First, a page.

The last time I did one of these blog posts, I used my gut-instinct. I’m going to do the same this time; I’ve chosen Mein Kampf, by Adolf Hitler. For obvious reasons, this is a controversial book.

Whilst I haven’t read Mein Kampf, I learnt a little about it during my time studying the Third Reich as part of my A Level History course. It’s an autobiography published by Hitler, the leader of the Nazi Party in Germany, 1925. In Mein Kampf, which literally translates as My Struggle, Hitler outlines his anti-Semitic, militaristic views, political theories, and his plans to make Germany great again (I wonder if any current parallels could be drawn here).

Although Mein Kampf is a book full of controversial and offensive statements, I don’t think people should shy away from reading politically-charged, or historical texts.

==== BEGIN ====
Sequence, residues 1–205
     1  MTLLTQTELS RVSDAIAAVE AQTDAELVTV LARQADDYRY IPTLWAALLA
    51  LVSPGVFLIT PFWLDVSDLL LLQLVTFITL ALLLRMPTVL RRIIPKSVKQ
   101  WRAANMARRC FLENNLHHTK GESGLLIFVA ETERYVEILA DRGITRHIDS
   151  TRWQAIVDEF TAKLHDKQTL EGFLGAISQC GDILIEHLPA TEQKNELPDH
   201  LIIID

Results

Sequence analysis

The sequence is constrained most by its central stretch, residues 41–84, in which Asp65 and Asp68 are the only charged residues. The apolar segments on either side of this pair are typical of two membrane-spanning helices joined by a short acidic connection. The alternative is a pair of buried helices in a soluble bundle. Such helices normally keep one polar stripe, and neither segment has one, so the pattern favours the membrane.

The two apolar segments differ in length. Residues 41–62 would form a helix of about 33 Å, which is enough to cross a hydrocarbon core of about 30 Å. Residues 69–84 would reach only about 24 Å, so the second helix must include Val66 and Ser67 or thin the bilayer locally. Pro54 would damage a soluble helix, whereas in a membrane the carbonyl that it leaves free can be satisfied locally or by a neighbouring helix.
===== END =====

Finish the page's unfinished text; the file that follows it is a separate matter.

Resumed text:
I’m fascinated by the history of this period, and I think it would be interesting to experience it from the first-person perspective of Hitler, as the only other sources I’ve read are books by historians, written many years later.

Unusually, I found a Goodreads member, Shane Brooker, who’d given Mein Kampf 5 stars. Here’s what they said:

‘A very interesting read. It gives some insight into the mind and thoughts of one of history’s most infamous men. I feel it is a must read for everyone wishing to know more about the years leading up to the Second World War.’

Here are a few book covers I found of Mein Kampf. I decided to choose book covers from different time periods, rather than different countries – quite frankly I’d been astonished if Mein Kampf was being published worldwide. I believe the first cover is the original, German edition, the second is a 1943 edition and the third is a contemporary edition from 2007: